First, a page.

No-one likes to think about getting old, or worry that things might go wrong, but if you’re a self-employed photographer, sooner or later you’re going to have to face up to the fact that you’ll encounter quiet periods, and that you may want to retire at some point. Savings and pensions are probably two of the most boring topics I’ll ever talk about, but a little amount of time spent thinking about them can save you some very unpleasant times further down the road.
Important caveat: As with any financial advice I give on this blog, don’t take my word as law. Tax rules change all the time, I only have experience of the UK, and to be on the safe side, check with your accountant or an independent financial adviser (IFA). Now, with that out of the way, I can detail some useful things you can do that will keep you afloat when times get quiet or when you choose to hang the cameras up.
First up, do your budgeting thoroughly, and honestly. I wrote about break even many moons ago, and the whole business section of the site is due a renewal and overhaul, but nothing’s changed as far as budgeting and break even go. Step 1 of any financial calculations should be an accurate and honest idea of how much money you need to bring in every month just to stay alive.
If you’re sensible, you’ll build some contingency into this budget, but it would also be wise to build in some money for savings, and make it automatic, rather than something you have to choose to do. Set up a direct debit from your business bank account to your personal one, and ensure that some money every month ends up in savings. If you leave it to a conscious decision I guarantee you, you won’t do it every month.
How much should you save? Well that’s totally up to you, but I’d suggest you make sure you’ve got a few months worth of money to live off as a minimum. The precise amount will of course depend on your break even calculations, but I’d err on the side of saving more rather than less!
Exactly where you put these savings is up to you – I’d suggest that “savings” is not so much about putting money aside so that it can grow (either via interest, or the stock market) but fencing off a section of your money that isn’t immediately accessible via your debit card/credit card/bank account. Interest rates are so low nowadays that saving as a way to generate money isn’t really an option, so in practical terms I’d suggest an instant access savings account of some sort, ideally one with internet access that then lets you transfer money rapidly should you need it. Again, the idea is just to separate things out – even the 5 minutes it takes you to log on, transfer funds and so on, is enough of a barrier to stop you using savings money for impulse purchases or the weekly food shop.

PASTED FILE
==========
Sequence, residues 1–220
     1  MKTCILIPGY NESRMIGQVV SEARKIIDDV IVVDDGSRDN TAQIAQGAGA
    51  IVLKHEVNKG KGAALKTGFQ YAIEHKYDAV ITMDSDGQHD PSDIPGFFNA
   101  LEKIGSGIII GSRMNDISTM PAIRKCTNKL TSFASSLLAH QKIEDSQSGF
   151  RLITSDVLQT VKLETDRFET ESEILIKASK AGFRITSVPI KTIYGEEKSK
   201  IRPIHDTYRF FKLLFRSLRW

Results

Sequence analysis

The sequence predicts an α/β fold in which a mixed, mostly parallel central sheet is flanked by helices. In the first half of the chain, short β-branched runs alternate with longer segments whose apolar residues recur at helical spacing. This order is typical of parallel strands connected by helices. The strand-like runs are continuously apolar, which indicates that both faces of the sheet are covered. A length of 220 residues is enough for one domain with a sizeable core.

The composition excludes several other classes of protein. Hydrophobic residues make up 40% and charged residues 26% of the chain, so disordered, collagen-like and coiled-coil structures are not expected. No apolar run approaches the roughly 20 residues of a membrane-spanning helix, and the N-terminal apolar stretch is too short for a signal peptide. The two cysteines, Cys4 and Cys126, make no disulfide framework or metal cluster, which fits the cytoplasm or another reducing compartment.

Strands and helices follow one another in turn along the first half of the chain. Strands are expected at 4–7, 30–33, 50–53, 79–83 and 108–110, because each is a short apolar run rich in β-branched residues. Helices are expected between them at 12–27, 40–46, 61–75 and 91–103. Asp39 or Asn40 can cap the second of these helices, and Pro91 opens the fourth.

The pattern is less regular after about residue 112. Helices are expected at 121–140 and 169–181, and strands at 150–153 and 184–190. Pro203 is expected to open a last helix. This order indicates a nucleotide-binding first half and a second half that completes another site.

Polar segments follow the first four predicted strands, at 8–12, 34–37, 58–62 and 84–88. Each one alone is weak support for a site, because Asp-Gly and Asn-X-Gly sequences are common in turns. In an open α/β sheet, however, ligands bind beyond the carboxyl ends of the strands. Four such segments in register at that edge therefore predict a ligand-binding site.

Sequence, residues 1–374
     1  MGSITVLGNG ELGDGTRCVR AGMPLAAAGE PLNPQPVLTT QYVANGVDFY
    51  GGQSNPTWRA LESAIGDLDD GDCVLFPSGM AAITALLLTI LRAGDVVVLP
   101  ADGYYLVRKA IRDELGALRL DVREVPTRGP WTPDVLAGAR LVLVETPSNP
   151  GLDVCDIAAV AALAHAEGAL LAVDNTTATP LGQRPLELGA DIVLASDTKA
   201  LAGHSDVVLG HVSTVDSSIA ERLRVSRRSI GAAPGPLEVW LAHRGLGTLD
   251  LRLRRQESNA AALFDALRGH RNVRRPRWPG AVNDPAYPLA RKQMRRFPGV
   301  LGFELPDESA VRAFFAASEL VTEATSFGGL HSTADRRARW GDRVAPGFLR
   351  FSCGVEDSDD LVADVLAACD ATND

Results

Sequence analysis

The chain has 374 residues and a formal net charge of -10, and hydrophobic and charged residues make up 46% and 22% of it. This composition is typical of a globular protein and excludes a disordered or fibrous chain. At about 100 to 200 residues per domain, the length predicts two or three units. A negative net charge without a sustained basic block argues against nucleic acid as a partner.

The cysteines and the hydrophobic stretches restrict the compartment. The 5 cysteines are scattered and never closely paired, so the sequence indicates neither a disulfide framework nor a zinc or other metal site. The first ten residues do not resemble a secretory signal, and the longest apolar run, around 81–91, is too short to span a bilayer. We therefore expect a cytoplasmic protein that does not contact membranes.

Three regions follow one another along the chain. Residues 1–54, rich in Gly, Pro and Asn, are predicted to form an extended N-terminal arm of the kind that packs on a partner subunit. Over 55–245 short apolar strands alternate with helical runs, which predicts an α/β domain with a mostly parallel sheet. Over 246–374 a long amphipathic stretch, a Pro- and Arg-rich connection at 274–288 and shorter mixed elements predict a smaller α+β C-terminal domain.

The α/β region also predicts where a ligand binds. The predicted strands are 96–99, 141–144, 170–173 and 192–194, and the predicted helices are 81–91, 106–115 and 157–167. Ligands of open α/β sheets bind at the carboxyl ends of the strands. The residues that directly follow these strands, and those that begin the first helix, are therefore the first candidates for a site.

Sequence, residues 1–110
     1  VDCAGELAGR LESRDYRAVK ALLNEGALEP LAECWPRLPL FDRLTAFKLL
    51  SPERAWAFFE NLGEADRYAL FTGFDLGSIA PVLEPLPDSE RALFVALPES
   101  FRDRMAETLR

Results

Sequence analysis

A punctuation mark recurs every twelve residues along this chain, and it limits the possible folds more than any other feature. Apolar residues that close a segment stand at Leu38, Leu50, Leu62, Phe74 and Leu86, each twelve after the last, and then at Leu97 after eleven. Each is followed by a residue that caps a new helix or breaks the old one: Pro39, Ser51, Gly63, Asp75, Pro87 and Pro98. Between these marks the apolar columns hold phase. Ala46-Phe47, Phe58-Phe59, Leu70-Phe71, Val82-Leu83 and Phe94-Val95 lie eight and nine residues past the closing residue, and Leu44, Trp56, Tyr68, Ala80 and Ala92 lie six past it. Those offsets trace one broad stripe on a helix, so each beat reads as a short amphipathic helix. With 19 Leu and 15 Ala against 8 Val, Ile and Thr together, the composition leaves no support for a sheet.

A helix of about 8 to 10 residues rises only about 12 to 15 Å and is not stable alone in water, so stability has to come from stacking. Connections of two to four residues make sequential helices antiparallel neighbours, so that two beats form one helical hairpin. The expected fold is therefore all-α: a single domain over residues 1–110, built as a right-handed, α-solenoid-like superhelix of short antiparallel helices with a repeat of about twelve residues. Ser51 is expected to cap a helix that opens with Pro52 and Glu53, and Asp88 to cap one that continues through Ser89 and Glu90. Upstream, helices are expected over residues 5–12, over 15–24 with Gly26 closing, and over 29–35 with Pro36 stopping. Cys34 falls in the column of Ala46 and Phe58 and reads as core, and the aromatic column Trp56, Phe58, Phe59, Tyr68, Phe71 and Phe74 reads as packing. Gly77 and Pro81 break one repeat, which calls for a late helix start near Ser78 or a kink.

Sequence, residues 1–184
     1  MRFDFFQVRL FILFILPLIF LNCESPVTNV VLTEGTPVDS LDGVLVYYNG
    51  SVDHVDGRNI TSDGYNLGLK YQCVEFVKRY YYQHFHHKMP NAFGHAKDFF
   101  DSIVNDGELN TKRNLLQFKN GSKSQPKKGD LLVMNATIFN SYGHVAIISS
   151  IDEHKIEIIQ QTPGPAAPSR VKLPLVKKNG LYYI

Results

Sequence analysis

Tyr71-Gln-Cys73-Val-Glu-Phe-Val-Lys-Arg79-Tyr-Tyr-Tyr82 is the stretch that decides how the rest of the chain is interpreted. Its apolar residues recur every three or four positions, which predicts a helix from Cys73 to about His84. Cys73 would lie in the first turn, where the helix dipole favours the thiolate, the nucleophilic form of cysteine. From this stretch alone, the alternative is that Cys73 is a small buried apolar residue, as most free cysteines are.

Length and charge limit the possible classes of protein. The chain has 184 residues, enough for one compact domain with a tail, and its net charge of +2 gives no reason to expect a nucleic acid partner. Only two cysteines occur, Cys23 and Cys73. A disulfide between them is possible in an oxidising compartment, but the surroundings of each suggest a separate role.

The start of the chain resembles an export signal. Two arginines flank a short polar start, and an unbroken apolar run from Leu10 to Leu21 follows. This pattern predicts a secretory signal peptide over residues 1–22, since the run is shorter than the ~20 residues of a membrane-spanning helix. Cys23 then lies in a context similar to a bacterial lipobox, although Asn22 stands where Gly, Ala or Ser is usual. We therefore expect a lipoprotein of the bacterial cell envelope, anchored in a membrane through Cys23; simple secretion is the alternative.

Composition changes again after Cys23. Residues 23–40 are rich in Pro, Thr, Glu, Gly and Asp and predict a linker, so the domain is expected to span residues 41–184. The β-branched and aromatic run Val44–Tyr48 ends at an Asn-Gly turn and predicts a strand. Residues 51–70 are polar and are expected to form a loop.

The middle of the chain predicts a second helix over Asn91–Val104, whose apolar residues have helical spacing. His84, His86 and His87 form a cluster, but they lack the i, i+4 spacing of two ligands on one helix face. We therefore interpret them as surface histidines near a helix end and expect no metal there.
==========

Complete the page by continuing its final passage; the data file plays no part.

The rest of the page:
Also – make sure that besides saving for the proverbial “rainy day”, you’re putting money aside as a matter of course to take care of things like VAT and corporation or other tax. A very good habit to get into is to instantly chop off 20-30% of each invoice as you pay it in, and push it into savings. I use a specific business bank account for just this purpose, and besides making the whole tax and VAT bill less of a headache, there’s usually some left over as a cushion should I need it.
On a general note, if you’re in a relationship, or more seriously, co-habiting with someone – Have a conversation with your partner – hopefully you have already – so that you both understand what might take place if you go through a quiet patch (and I’m just talking financially here, not the fact that you’ll also go a bit loopy….)
There’s not too much detail I can go into here, other than to say “Get One”. Pensions are best thought of as just an extension of your savings, with the proviso that you’re not supposed to touch the money for a very long time yet. This area is obviously extremely complex, heavily regulated, and I wisely defer most of the technical side of it to an IFA. I’d advise you speak to one, rather than try and fathom it all out yourself. If you already have an accountant (you do have an accountant, don’t you?) then they should be able to recommend someone suitable, or offer the service themselves. I’ve had my own pension for 13 years now, and whilst it’s not huge at the amount I pay in, it’s steadily building up, and should be a useful cushion when the time comes to lay the cameras down and regale everyone else in the old photographer’s home with my anecdotes…..
My very minimal understanding of the “new” Workplace pension is that if, like me, you’re a limited company with only one employee, and that employee has their own pension, then you’re sorted. As with anything relating to precise financial issues, don’t just take my word for it – check with an accountant, otherwise you might find yourself with a fine.
***UPDATE*** Wise input from my pensions-expert cousin, is that if you’re uncertain about whether your pension qualifies or not, you should go here: The Pensions Regulator and find out.
Finally, a word about the very notion of “retiring”. Retirement is not necessarily something that photographers do. Not least because we’re lucky to work in jobs that hopefully fulfill us, rather than just to pay the bills, and many of us get tetchy when we can’t shoot stuff. However, you’ve got to be realistic (particularly if you’re young) and recognise that you may not always feel this way, and even if you do, you may not be physically capable of doing the same type of work you do now many years in the future. I doubt I’ll be shooting adventure races in my 50s and 60s, for example! To this end, accept that the longer you put off a decision like pensions, the worse the problem gets, and the earlier you start, the more you’ll have. I’d also give some ongoing thought to taking care of your copyright and paying attention to licensing along with any contracts you sign. Don’t expect residual income from your work to replace a pension, but it may supplement it nicely.